This is a picture taken from the north side of the Thames looking towards the South Bank and Waterloo Bridge whilst walking back from the Completion Evening for this years Youth at Risk Student Leadership Project.
Technorati Tags: Virgin
Seeing the arrival of the Virgin F1 team has given me quite a lift. Not because I’m a great supporter of the Virgin brand, indeed I don’t think I use any of their products or services and not because I like blowing my own trumpet (there are enough people in F1 who already do that).
Instead it’s because I spotted young Richard on the grid at Monza in 2008 (scroll down or click) and suggested on this blog that he was there to get into F1 before anyone else mentioned it. I say this because I follow nearly all of the F1 news and information and I hadn’t seen it suggested anywhere else.
That’s it really. Have a nice evening.
Well that’s the question. What do you think?
It strikes me that if the KERS cars are allowed to have their systems charged on the grid they have an unfair advantage.
All the cars have to qualify on race fuel and the quantity of fuel on board has an effect on their performance. They have to make a choice; go light and have a better grid slot or go heavy and have more strategy options. At this point everyone is on the same playing field.
But then the KERS cars can charge their systems before they get to the grid giving themselves about an extra 80BHP on the line.
I don’t think this is equitable. I think the KERS cars should go to the grid uncharged and they should charge up on the first lap.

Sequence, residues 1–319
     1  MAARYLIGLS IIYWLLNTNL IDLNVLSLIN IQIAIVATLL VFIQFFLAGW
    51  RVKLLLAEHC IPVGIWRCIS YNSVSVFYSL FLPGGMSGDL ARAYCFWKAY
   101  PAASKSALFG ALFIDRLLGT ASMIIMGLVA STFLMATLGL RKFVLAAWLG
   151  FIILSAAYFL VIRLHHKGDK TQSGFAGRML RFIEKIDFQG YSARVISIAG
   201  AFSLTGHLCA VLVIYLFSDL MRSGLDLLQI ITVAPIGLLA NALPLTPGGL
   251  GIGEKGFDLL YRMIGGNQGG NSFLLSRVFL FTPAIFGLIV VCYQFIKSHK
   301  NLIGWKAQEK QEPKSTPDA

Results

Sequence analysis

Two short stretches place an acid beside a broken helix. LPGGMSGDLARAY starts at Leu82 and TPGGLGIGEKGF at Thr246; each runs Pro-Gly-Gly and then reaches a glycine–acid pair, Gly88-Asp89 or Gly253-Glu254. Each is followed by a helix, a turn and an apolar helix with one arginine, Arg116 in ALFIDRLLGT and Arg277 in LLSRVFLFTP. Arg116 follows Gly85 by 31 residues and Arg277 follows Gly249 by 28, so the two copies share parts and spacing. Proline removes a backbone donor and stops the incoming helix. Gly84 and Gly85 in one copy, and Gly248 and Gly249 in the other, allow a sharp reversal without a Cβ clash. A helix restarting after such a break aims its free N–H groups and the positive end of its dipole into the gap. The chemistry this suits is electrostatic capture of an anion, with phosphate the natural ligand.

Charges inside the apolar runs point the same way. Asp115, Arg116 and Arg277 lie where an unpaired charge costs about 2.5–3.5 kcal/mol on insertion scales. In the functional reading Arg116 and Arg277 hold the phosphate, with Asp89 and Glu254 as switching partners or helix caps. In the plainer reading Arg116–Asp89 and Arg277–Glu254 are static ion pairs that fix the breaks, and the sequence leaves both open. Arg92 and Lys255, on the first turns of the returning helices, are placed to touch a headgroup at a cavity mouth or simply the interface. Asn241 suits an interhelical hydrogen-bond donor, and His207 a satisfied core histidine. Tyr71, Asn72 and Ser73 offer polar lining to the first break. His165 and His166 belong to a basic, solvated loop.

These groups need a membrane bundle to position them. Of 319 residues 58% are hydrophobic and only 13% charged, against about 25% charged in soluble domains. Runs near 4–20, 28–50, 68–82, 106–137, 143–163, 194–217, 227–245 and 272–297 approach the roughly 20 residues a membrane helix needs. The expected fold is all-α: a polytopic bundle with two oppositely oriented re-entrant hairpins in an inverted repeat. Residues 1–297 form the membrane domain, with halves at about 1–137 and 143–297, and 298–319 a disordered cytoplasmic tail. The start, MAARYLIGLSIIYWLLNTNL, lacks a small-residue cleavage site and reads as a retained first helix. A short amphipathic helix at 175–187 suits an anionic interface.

I’m amazed the non KERS teams haven’t picked up on this; or am I missing something?
Adrian Sutil after the race:
“It’s a shame – you focus so much and think you can do it, but the car was just out of control at the end. I had the same feeling as Monaco – it’s hard to believe when you are in the car and then suddenly you lose it and it’s all over from such a great position.”
Ones feelings, of course, come from what one thinks about.
Technorati Tags: F1
There is a story about an adventurer traveling across the desert searching for his fortune. But not the Paulo Coelho one. It goes that one night the traveler was visited by a Genie in a dream. In the dream the Genie told the traveler that in the morning if he walked in the direction that the wind was coming from he would after a few hours stumble across an old wooden and brass chest. In the chest were all sorts of riches – jewels and gold and all the traveler had to do to gain access to the chest was not to think of the colour blue as he opened it. But he would only have one chance.
This reminds me of an experience of my own when doing a police motorcycle training course organized by the Chertsey traffic center in the mid ’70′s. We were told in this course to avoid manhole covers in the road because manhole covers are slippery when wet, and that reminds me of another story but perhaps not now. The problem for me was try as hard as I could not to, I went straight over the manhole covers. I told the instructor this and he asked me where I was looking, "Well at the manholes" I said. "You will always go in the direction you place your attention, look to one side" said the copper. It worked.
When the traveler woke in the morning he set out in the direction of the wind and sure enough he found the chest. As he sat cross legged in the sand with the chest in his lap. As he tried to open it he said to himself "Don’t think of the colour blue". Of course he didn’t get the chest open. You see, before you can’t think about what you don’t want to think about, you have to think about it.
I watched Adrian Sutil as Lewis Hamilton came up behind him last Sunday and hoped that he was not trying not to think of Kimi Raikkonen slamming into the back of him at Monaco last year and loosing a points finish for himself and his team. I was hoping he had a clear picture of the chequered flag in his mind. I wonder?